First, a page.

|2017||2018||2019||End-of-year total 2019||2020||End-of-year total 2020|
|No. of commissioned SHIP systems||107||99||86||817||74||At least 891|
|Newly installed collector area [m2]||219,280||55,583||358,641||n/a||130,745||n/a|
|Newly installed solar thermal capacity [MW]||153||39||251||92|
Source: Yearly Solar Payback SHIP supplier surveys 2018 to 2021
At least 891 ship systems were in operation around the globe at the end of 2020. The top markets in 2020 were again China (30 projects), Mexico (16) and Germany (10). Trailing far behind those market leaders were the next two on the list, India and Spain, both of which saw only three new projects put into operation. In China, Linuo Paradigma took the lion’s share of the market, reporting the completion of 22 SHIP projects totalling 83,455 m2. Mark Yan, who works in Linuo Paradigma’s sales department, stated that after lifting the lockdown, the Chinese government set up support programmes in order to stimulate the economy, which helped industrial companies to install more SHIP projects.
By contrast, the SHIP market in Mexico did not end the year on a high note, considering only 16 new projects saw the light of day in 2020, which meant another drop from the 26 and 51 projects installed in 2019 and 2018, respectively. One reason for the decline was the economic and political upheaval the pandemic caused last year, preventing the start-up of multiple projects. The other reason was the new sales strategy by one of Mexico’s foremost SHIP system suppliers, Inventive Power, to appeal to fewer but larger and globally operating companies: “We are satisfied with business development in 2020. We installed large projects, which bring some challenges but also higher revenues,” Managing Director Angel Mejía Santiago wrote in his company’s survey response. Inventive reported that in 2020, it commissioned a 740 m2 parabolic trough plant for textile company Carolina Performance Fabrics and a 180 m2 plant for lubricant and grease producer Schutz.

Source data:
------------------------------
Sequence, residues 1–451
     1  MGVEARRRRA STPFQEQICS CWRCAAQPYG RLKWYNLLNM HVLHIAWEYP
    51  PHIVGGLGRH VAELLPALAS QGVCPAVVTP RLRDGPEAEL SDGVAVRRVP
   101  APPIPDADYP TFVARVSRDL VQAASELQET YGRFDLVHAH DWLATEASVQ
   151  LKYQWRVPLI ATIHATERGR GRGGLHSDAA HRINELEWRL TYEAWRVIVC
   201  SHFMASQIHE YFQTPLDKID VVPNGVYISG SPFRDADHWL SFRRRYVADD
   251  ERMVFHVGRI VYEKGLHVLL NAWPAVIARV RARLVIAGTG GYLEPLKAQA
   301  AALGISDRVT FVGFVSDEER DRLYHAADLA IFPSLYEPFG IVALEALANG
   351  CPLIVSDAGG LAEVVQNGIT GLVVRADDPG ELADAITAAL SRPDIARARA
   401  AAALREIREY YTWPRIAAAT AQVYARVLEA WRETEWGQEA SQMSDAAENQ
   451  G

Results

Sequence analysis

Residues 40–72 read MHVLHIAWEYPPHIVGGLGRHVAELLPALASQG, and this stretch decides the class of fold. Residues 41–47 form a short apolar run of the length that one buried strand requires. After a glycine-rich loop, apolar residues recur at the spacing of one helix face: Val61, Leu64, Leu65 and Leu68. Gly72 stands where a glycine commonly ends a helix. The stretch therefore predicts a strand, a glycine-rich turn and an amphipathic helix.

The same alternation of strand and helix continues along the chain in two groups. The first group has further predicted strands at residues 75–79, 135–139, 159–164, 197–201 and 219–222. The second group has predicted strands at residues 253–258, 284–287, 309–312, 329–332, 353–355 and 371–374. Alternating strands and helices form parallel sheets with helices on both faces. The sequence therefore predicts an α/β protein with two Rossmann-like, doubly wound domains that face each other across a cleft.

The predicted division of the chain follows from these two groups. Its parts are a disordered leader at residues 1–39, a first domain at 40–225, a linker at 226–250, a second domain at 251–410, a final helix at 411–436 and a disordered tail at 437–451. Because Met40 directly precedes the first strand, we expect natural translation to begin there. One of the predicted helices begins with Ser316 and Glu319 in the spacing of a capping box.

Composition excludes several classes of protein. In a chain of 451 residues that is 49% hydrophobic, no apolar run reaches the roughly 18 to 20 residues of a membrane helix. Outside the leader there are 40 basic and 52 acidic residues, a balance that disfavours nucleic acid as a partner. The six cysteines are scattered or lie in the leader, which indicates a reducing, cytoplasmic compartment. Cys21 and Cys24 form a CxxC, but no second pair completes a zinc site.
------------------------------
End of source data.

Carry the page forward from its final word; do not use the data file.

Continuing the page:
Meanwhile, the German national support scheme for SHIP plants listed 10 new installations last year, which is in the range of previous years (11 projects in 2019 and 9 in 2018). Nevertheless, it is a figure at the low end of expectations, considering the government began offering investment grants of up to 55 % in 2012. Market observers have said that the small number of applications submitted each year indicates a lack of commitment on the part of the SHIP supply chain in Germany. And because fossil fuel were cheap, manufacturers had no special reason for advancing renewable heat solutions. That could now change following the introduction of a national carbon price for heat consumers at the beginning of this year.
|No. of systems put up in 2019||Collector area added in 2019 [m2]||No. of systems put up in 2020||Collector area added in 2020 [m2]||Average system size in both years [m2 per system]|
Although many solar technology suppliers reported delays in plant construction and commissioning, 2020 saw several multi-megawatt plants come into operation. The five largest plants are shown in the table below. Three of them are used in agriculture – more specifically, in the countryside, where space is usually not an issue. In addition, each plant was installed by another technology supplier, all of which chose the collector technology most suited to their product portfolio.
Size of solar field
Type of collector
G2 Energy, Netherlands
Heating Freesia farm greenhouses
Sanya, Hainan, China
Linuo Paradigma, China
Ganzhou, Tibet, China
Preheat for agricultural drying
Lhasa, Tibet, China
Heating agricultural greenhouses
Process heat for packaging company